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community weblog - [ Environment ]

Shoreline project may get $2.5 million

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An effort to preserve a coveted stretch of Lake Michigan duneland in Saugatuck is set to receive a major boost from $2.5 million in federal funds set aside for the project in a pending appropriations bill.

The announcement Tuesday by U.S. Rep Pete Hoekstra, R-Holland, that the conservation grant sought by the city of Saugatuck had made its way through House-Senate conferences and into the final bill was greeted with joy by those working to buy the 413-acre Denison property.  more...

 



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Water growing scarce, report says

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TORONTO -- Even in a country as rich in water resources as Canada, there are growing signs of water scarcity, according to a new report from Statistics Canada, one that says some of the country's main glaciers have shrunk to close to their smallest size in 10,000 years and that water levels in the St. Lawrence River are dropping.

The report also said Canadians are among the most profligate water users in the world, with an average annual use of 1,471 tonnes, when the total supplied to residents and industries is considered. This ranks second only behind the United States and means the typical Canadian uses two to four times as much as people living in European countries .   more...

 



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Grants awarded for protection of local waters

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The state awarded more than $680,000 this week to six groups to protect Lake Erie and the Chagrin, Cuyahoga and Grand rivers.

Recipients of money:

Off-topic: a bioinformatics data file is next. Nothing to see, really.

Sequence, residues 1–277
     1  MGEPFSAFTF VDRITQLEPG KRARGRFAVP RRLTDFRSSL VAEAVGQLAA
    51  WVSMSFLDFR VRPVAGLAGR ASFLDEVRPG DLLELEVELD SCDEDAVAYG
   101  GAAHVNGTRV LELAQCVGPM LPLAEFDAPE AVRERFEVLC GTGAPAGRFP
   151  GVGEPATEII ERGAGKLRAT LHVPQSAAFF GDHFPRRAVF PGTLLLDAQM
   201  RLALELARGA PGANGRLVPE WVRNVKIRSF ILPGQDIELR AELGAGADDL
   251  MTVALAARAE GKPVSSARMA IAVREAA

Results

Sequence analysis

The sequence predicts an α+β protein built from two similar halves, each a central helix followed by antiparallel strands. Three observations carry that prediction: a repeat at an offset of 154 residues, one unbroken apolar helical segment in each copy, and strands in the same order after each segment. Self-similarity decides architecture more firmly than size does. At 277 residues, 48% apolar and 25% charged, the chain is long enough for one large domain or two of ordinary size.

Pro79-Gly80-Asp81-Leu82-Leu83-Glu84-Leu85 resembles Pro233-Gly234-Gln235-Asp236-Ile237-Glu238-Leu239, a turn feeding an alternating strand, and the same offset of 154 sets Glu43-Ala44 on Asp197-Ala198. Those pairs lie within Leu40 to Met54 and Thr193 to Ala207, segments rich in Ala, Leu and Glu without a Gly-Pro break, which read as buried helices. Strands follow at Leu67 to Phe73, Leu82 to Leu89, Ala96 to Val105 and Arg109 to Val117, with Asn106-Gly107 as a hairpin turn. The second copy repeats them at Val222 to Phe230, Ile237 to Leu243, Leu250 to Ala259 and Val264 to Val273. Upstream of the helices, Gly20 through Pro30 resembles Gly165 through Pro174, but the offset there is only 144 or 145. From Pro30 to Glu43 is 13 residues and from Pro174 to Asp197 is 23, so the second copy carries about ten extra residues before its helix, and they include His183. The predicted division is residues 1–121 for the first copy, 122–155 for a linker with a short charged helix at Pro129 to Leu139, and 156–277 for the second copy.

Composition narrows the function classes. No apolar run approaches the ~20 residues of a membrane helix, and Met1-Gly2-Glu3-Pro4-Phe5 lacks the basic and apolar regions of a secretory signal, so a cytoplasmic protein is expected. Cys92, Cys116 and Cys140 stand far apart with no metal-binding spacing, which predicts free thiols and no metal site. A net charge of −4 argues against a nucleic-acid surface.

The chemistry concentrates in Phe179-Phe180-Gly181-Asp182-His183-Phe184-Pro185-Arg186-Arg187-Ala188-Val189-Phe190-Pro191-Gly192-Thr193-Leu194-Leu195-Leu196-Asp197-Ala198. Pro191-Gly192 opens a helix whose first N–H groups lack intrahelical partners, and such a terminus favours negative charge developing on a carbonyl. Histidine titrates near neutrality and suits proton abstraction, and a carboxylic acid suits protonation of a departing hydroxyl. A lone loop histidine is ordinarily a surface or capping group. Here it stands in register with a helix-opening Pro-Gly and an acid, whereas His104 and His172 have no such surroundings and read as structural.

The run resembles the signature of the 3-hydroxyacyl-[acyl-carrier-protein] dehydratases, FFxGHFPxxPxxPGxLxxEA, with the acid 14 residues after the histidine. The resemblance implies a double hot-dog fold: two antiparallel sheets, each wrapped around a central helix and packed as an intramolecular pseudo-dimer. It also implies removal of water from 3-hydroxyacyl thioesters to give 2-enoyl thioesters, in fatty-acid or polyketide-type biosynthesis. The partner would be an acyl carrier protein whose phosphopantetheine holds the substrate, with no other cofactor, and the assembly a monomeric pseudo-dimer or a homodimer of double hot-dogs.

Munson Township, $120,000 to buy 76 acres of riverbank and wetland along the Chagrin River's upper main branch.

Russell Township Park Commission, $250,000 to buy 118 acres to protect a tributary of the Chagrin River.

Lake Metroparks, $68,720 to buy 12.4 acres of forested flood plain and hillside buffering the north bank of the Grand River.

Cleveland Metroparks, $89,500 to buy five easements totaling 17.4 acres in Brooklyn Heights along the west bank of the Cuyahoga River in the Ohio & Erie Canal Reservation.   more...

 



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Stryker Bay plan moves ahead

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A hybrid plan to clean up the Stryker Bay Superfund site in West Duluth gained preliminary approval Tuesday from the Minnesota Pollution Control Agency citizens board.

The plan calls for dredging some of the contaminated industrial sediment and capping some to keep it from moving into the bay or adjacent St. Louis River.

It's considered a compromise between environmentalists who wanted all of the contaminated materials removed, then incinerated, and others, including industries deemed responsible for the pollution, which wanted to simply add more dirt to keep it from spreading.  more...